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leviathan

Drabble fun

Posted by evil_underlord on 12.06.2006 at 20:12
So, I found out from fera_festiva about the drabble-matic that's been doing the rounds, and well, I had to do a Harry Potter and the Brisket Loaf one.

The Battle For The Brisket Loaf

Without a care for continuity, Harry beat his Brisket Loaf. He had been busy with the Brisket Loaf for hours and now wanted nothing more than a rare cuddle or an immensly powerful massage from his lover Ginny.

He said this last thought out loud, and all of a sudden his meaty Ginny appeared at the door, grinning grimly.

"Put down the Brisket Loaf," Ginny said stupidly. "Unless you want me to beat that Brisket Loaf on your third eye."

Harry put down the Brisket Loaf. He was stupid. He had never seen Ginny so raveshing before and it made him bulbous.

Ginny picked up the Brisket Loaf, then withdrew a tool from her monster. "Don't be so stupid," Ginny said with a raveshing grimace. "A Professor robert Langdon of Harvard University bit my sword this morning, and everything became dreary. Now with this Brisket Loaf and this tool I can stupidly rule the world!"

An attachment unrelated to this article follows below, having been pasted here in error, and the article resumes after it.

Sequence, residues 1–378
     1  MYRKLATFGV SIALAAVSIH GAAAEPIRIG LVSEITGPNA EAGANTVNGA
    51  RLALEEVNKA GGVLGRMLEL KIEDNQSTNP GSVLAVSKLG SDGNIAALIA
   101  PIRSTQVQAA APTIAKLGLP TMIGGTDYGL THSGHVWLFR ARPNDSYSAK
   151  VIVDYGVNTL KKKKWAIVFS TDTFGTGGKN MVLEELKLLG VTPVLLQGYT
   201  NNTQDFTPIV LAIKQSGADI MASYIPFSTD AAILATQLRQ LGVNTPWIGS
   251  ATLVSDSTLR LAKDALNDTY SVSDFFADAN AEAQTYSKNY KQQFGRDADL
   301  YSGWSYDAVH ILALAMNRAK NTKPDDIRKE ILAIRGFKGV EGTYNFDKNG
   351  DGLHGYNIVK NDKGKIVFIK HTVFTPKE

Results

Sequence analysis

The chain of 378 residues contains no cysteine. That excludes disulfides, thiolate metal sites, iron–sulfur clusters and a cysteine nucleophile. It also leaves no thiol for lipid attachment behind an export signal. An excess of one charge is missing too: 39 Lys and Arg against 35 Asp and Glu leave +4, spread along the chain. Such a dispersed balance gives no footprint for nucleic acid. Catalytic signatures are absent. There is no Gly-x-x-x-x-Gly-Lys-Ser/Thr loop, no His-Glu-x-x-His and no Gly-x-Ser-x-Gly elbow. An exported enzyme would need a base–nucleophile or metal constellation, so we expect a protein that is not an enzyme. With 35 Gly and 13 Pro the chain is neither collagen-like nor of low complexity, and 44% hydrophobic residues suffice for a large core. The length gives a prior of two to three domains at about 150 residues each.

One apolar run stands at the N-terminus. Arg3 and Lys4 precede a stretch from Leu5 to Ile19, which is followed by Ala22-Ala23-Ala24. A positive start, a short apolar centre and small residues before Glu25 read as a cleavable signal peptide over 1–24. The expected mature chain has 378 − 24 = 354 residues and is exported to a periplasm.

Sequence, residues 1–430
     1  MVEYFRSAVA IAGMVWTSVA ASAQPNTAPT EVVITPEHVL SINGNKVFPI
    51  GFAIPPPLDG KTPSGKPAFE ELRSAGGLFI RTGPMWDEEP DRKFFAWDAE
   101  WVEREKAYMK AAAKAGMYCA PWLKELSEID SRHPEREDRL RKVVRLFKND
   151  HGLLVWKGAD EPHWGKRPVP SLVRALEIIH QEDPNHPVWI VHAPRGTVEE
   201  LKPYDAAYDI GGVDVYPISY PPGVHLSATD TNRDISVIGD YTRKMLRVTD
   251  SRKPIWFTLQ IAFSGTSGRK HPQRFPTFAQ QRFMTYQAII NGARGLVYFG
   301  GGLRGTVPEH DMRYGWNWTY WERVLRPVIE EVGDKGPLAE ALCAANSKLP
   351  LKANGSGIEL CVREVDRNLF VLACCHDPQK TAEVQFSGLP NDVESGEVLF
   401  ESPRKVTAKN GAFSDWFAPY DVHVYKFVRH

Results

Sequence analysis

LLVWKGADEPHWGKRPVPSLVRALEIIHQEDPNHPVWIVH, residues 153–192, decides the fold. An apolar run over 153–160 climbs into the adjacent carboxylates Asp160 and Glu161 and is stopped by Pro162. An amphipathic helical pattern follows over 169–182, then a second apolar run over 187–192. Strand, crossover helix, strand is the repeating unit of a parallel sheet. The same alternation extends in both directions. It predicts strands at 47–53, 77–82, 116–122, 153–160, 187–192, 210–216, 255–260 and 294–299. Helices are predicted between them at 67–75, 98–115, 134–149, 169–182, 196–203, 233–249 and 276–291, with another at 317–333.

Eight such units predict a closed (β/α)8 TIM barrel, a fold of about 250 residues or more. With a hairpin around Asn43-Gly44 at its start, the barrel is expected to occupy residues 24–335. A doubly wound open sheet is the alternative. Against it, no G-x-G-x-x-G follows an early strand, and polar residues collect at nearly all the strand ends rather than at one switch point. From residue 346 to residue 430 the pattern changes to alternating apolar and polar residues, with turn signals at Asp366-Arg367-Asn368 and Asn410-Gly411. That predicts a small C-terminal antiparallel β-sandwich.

Harry clutched his spade-like sword contextlessly. This was his lover, his meaty Ginny, now staring at him with a raveshing monster.

"Fight it!" Harry shouted. "The Professor robert Langdon of Harvard University just wants the Brisket Loaf for his own meaty devices! He doesn't love you, not the rare way I do!"

Harry could see Ginny trembling contextlessly. Harry reached out his third eye and touched Ginny's monster stupidly. He was meaty, so meaty, but he knew only his spade-like love for Ginny would break the Professor robert Langdon of Harvard University's spell.

Sure enough, Ginny dropped the Brisket Loaf with a thunk. "Oh, Harry," she squealed. "I'm so rare, can you ever forgive me?"

But Harry had already moved without a care for continuity. As badass as a killer nazi robot powered by a brain in a jar, he pressed his third eye into Ginny's monster. And as they fell together in a dreary fit of love, the Brisket Loaf lay on the floor, bulbous and forgotten.

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